It’s time for another addition of my CCC rankings by 10-year YOC.
*I wasn’t able to get this out last month but was anxious to see what changes we might have now.
What I Did
I decided to take the CCC spreadsheet and rank the stocks based on their 10-year YOC. If you are unfamiliar with what Yield-On-Cost is (YOC) then refer to my resources tab or see below for an example. If you don’t know about David Fish’s Champion, Challenger and Contender (CCC) spreadsheet then you are doing yourself a disservice, the link is also on my resources tab.
You may wonder why I care about a 10-year YOC instead of just the 1,3,5 and 10-year CAGR’s. The main factor that the CAGR leaves out is the starting dividend yield. The starting dividend in combination with the dividend growth rate will greatly influence your returns.
There’s a variation of this screen used alot by members of the Seeking Alpha community and it’s coined the “Chowder Rule”. This can also be found now on the CCC sheets. The rule basically adds the starting yield with the dividend growth rate (5-year CAGR) and looks for it to be higher than a certain number. While this can be a useful screen, there is still a discrepancy between dividend payers that have different growth rates but still arrive at the same number. For instance, a 3% yielder with 5% growth would get the same grade (an 8) as a 5% yielder with 3% growth. Holding a lower yielding stock with a higher growth rate will at some point provide higher returns assuming the growth rates don’t change. My 10-year YOC would give this 3% and 5% yielder a 4.9 and 6.7 respectively.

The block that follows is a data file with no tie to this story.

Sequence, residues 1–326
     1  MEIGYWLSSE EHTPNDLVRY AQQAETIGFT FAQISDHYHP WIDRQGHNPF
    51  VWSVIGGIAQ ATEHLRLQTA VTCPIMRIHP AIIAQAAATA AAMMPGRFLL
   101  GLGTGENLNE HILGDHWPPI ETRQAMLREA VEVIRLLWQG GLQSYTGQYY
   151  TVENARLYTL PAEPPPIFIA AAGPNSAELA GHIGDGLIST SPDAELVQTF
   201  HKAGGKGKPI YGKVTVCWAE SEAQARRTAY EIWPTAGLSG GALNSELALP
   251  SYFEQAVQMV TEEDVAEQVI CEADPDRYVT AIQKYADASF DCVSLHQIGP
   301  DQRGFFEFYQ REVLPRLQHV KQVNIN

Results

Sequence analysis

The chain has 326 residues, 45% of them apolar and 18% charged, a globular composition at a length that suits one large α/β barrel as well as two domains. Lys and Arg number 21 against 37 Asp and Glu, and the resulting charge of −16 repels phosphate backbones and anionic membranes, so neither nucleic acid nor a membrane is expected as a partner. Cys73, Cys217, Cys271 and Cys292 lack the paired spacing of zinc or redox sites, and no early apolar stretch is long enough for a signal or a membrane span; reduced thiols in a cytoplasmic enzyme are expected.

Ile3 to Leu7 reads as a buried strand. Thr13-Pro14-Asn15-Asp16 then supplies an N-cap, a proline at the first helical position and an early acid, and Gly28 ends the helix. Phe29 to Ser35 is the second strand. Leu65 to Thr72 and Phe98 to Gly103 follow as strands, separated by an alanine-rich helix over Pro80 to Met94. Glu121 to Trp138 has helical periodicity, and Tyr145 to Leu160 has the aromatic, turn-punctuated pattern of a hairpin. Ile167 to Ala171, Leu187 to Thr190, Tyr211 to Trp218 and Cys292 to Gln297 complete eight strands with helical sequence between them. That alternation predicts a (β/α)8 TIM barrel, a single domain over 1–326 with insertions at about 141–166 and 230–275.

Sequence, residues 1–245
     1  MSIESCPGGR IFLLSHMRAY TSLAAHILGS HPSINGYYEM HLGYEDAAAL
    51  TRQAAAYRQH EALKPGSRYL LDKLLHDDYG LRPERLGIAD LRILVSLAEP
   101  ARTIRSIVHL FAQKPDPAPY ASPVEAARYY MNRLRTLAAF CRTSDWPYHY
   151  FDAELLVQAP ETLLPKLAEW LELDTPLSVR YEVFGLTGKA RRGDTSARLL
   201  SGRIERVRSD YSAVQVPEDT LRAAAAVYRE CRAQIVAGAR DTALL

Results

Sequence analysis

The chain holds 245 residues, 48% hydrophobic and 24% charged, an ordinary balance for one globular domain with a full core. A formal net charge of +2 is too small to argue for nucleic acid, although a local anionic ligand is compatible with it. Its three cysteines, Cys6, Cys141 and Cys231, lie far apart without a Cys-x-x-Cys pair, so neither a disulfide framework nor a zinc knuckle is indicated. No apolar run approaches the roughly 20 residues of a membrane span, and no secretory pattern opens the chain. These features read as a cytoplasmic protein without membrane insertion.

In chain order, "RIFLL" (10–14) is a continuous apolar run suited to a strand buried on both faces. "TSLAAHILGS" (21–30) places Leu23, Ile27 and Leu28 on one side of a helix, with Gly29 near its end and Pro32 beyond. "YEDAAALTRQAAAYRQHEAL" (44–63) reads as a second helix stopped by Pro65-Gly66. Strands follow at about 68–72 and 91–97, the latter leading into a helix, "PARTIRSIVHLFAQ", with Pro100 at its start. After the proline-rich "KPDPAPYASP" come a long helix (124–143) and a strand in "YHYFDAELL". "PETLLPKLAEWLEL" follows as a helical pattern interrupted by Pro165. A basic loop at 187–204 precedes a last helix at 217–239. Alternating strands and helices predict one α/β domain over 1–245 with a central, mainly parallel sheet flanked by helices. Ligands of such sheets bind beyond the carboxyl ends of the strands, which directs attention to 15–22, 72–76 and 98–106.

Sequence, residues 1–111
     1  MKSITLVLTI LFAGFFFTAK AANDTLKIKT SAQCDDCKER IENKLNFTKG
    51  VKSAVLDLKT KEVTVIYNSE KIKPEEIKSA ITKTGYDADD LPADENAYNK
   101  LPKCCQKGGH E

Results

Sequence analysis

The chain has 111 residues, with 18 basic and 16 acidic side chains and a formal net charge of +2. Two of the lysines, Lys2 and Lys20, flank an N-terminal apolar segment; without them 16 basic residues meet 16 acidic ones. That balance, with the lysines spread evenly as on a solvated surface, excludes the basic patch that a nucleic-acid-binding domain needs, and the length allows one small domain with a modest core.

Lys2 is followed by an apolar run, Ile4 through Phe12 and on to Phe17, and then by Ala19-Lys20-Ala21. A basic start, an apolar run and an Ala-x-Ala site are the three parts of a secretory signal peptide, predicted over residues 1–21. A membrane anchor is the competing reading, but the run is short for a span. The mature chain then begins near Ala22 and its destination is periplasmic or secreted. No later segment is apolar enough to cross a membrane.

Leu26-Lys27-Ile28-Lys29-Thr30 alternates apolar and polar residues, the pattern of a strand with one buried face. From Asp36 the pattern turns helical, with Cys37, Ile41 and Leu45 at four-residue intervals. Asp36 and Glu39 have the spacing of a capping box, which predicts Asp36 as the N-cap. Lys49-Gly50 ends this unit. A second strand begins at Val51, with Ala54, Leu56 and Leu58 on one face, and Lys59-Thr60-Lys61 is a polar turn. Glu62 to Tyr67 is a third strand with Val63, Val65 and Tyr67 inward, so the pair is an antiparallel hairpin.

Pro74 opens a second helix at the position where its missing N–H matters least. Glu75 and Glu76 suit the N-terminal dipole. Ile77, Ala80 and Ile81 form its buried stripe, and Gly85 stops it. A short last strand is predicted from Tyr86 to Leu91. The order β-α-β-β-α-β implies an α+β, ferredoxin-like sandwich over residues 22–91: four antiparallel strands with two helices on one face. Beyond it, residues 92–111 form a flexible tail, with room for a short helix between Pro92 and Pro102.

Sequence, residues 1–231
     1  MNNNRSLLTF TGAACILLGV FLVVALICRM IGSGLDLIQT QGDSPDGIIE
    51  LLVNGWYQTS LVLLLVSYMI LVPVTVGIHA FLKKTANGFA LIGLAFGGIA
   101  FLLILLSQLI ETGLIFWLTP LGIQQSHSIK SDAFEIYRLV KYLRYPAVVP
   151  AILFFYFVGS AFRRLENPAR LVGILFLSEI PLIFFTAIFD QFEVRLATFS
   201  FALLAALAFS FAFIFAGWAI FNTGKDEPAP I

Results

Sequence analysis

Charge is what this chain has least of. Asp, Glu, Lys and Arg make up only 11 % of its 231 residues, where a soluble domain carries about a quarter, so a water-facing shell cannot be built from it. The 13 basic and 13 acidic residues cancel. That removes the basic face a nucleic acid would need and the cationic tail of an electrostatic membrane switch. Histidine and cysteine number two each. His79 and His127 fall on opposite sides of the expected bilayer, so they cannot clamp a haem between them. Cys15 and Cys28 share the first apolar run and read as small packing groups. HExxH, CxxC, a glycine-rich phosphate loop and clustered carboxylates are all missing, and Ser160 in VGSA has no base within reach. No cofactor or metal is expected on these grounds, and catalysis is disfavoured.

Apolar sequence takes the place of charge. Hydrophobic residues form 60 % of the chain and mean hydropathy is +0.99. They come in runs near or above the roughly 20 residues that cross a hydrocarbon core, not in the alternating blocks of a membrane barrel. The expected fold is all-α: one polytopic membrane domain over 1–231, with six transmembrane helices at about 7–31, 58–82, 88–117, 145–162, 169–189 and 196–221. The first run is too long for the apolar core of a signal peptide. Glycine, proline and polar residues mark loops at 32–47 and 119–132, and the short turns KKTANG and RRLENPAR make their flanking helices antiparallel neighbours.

Why I Did It
The purpose of this screening process will be to identify companies that have a high expected dividend growth rate combined with a starting yield that would produce greater returns. These companies may be good candidates for further research.
How I Did It
This last screen dropped the list of Champions, Contenders and Challengers to 23(-11), 54(+5) and 63(+7) respectively.
Next I took the latest CCC sheet and added some new columns to calculate a 10-year YOC using each stock’s 1,3, 5 and 10-year compound annual growth rate (CAGR). I will call these new metrics 10YOC1, 10YOC3, 10YOC5, and 10YOC10 for simplicity.
Keep in mind that this is just a starting point and I feel these companies need further research before making an investment.You can find previous months by following my CCC Rankings label.
*photo courtesy of ESPN